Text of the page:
Patrick B. McGinnis, PhD, LMHC

Psychotherapy, Sex Therapy, Couple's Counseling, Addictions Counseling, Psychological & Psychosexual Assessment and Polygraph Testing


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What is Sex Therapy?


Sex Therapy is a professional and ethical treatment approach to problems of sexual function and expression. We recognize that it is the right of individuals to expert assistance with their sexual difficulties. Sex therapy is the focusing of specialized clinical skills on helping men and women as individuals and/or as couples to deal more effectively with their sexual expression.


Why is Sex Therapy Necessary?

The importance of sexual function varies from individual to individual, but for many it is closely tied to their concept of self identity. For these, problems in sexual function may lead to devaluation of self, "I cannot feel good about my sexuality, so how can I feel good about myself?" We are also in a time when relationship and family units are quite vulnerable to dissolution. Regardless of the structure of the intimate relationship shared, sexuality serves a valuable function for most couples. It becomes an expression of caring, not only for the partner, but for oneself. It can become a powerful bonding element in a relationship. Dissatisfaction with the sexual relationship and the loss of shared intimacy may lead to negative feelings and attitudes which are destructive to the relationship. Many relationships end because of unresolved sexual differences and difficulties.


Who Goes for Sex Therapy?

The sex therapist works with a wide variety of problems related to sexuality. People seek help with such problems as:  


Male Sexuality: Erectile dysfunctions, Premature ejaculation, Delayed ejaculation, Performance pressures, Declining desire, Virginity/shyness, Penis size concerns, Negative body image, Sexual or gender identity, Compulsive sexuality, Paraphilias (voyeurism, exhibitionism, other sex offending, alternative sexuality and fetishism).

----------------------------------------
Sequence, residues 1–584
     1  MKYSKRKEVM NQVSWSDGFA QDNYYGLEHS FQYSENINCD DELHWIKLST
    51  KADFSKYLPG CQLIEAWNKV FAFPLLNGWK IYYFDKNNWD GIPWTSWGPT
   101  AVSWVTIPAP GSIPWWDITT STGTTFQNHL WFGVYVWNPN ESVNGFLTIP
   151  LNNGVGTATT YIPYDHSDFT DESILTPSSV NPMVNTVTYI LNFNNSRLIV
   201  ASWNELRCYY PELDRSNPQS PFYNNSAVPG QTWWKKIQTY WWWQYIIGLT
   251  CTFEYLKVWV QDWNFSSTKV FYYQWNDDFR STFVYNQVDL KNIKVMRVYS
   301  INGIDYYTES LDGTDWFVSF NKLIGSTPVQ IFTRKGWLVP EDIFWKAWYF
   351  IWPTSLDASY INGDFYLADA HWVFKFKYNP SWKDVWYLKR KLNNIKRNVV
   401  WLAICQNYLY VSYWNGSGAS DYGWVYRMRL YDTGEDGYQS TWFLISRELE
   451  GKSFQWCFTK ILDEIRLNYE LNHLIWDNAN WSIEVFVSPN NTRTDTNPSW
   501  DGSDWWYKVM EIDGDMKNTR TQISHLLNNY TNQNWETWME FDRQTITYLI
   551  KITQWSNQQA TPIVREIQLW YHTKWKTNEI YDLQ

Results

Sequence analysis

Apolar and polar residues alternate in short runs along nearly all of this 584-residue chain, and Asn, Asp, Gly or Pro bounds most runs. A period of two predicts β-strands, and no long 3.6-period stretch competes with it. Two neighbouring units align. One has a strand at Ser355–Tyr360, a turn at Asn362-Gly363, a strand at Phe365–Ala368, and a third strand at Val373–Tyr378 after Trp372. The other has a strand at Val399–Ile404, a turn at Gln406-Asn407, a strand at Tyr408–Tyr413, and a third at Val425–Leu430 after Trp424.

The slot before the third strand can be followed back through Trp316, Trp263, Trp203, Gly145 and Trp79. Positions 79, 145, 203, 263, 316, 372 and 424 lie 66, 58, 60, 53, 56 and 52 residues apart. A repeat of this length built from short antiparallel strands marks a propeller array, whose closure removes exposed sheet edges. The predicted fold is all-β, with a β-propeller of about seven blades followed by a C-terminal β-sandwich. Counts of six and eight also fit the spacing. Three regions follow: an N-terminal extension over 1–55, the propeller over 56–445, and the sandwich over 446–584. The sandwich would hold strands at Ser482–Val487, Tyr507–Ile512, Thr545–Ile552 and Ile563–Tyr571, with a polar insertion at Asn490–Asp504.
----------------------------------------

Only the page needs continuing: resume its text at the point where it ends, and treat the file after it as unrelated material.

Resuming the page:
Female Sexuality: Arousal dysfunction, Orgasm (multi-orgasmic or pre-orgasmic), Vaginal pain during intercourse, Virginity/shyness, Negative body image, Sexual or gender identity, Compulsive sexuality, Paraphilias (voyeurism, exhibitionism, other sex offending, alternative sexuality and fetishism), Menopause issues.


Special Sexuality Concerns: Aging, Handicaps and disabilities, Post-surgical effects of prostate and testicular cancer, Impact of medications (such as high blood pressure and anti-depressants which often block sexual response), illness, surgery, or alcohol or drug abuse.


Couples Sexuality Issues: Increasing the passion in your marriage, Enhancement of arousal, Touching for pure pleasure, Developing intimate communication skills, Desire discrepancy (one partner desires sex more than the other), Healing from infidelity.


The Dating Scene: Developing winning social skills, Confidently navigating the dating game, Making good partner selections, Social shyness/inhibition, Self-defeating relationship behavior, Getting started after divorce or widowhood.



Are There Limitations?

As with any therapy for personal or behavioral difficulties, sex therapy has its limitations. Although usually brief and effective with most sexual concerns, sex therapy does not offer a miracle cure for all interpersonal problems. Success of treatment depends upon many factors, not the least of which are the nature of the problem, the motivation of the patient, and the therapeutic goals. The motivated prospective patient and/or couple should choose a therapist carefully and establish realistic goals early in the counseling.


How Does One Know if a Sex Therapist is Qualified?

One must realize that with any new field, a variety of definitions and expectations will exist for a time, and that a wide variety of people will claim expertise in accordance with their own definition of the field. Fortunately, Florida law states that any person holding himself out as a sex therapist must be a licensed mental health professional who has completed specialized training and supervision in sex therapy. Unfortunately, not every sex therapist has the same level of competence or experience even if they have completed the minimum requirements.